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ERIC Number: ED114194
Record Type: Non-Journal
Publication Date: 1975-Apr
Pages: 11
Abstractor: N/A
Reference Count: N/A
Infant Visual Memory: The Course of True Habituation Never Did Run Smooth.
DeLoache, Judy S.
This study addressed three major questions pertaining to habituation of visual attention in infants: (1) does habituation occur gradually? (2) how do fast and slow habituators compare in their response to discrepancy? and (3) does intervening stimulation produce interference with infants' visual recognition memory? The subjects were 36 17-week-old infants, half were male and half female. Each infant sat on his or her mother's lap facing a semi-circular screen while an observer watched the infant's head and eye movements on a television monitor located in an adjacent room. Each trial consisted of the infant's looking at a blinking light on the left, followed by one unlimited fixation of the stimulus on the right. Each infant saw the same pattern repeatedly until his or her fixation time reached the specified habituation criterion. Each infant was then presented with a pattern discrepant from the standard stimulus. The findings indicated that infants do not gradually decrease their response to a repeated stimulus, but rather seem to habituate within one or two trials. Further, there were distinct, non-overlapping distributions of trials to criterion for the fast and slow habituators with both groups of infants showing the same degree of recovery to a novel stimulus. Finally, evidence of interference with infants' recognition memory was found and attributed to there being only a single, repeated intervening stimulus. (JMB)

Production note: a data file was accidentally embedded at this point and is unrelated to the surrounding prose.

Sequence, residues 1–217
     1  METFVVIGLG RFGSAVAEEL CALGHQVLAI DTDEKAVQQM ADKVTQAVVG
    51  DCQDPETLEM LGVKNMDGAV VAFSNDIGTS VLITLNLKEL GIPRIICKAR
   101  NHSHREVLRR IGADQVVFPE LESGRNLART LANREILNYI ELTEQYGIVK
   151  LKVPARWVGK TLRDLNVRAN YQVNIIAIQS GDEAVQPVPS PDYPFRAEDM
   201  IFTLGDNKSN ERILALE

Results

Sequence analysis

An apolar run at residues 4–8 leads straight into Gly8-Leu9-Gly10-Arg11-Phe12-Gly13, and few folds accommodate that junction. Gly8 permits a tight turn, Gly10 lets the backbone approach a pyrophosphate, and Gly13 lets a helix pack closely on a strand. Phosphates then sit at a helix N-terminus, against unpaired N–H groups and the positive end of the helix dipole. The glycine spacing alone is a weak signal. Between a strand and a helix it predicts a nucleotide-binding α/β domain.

Publication Type: Speeches/Meeting Papers
Education Level: N/A
Audience: N/A
Language: N/A
Sponsor: N/A
Authoring Institution: N/A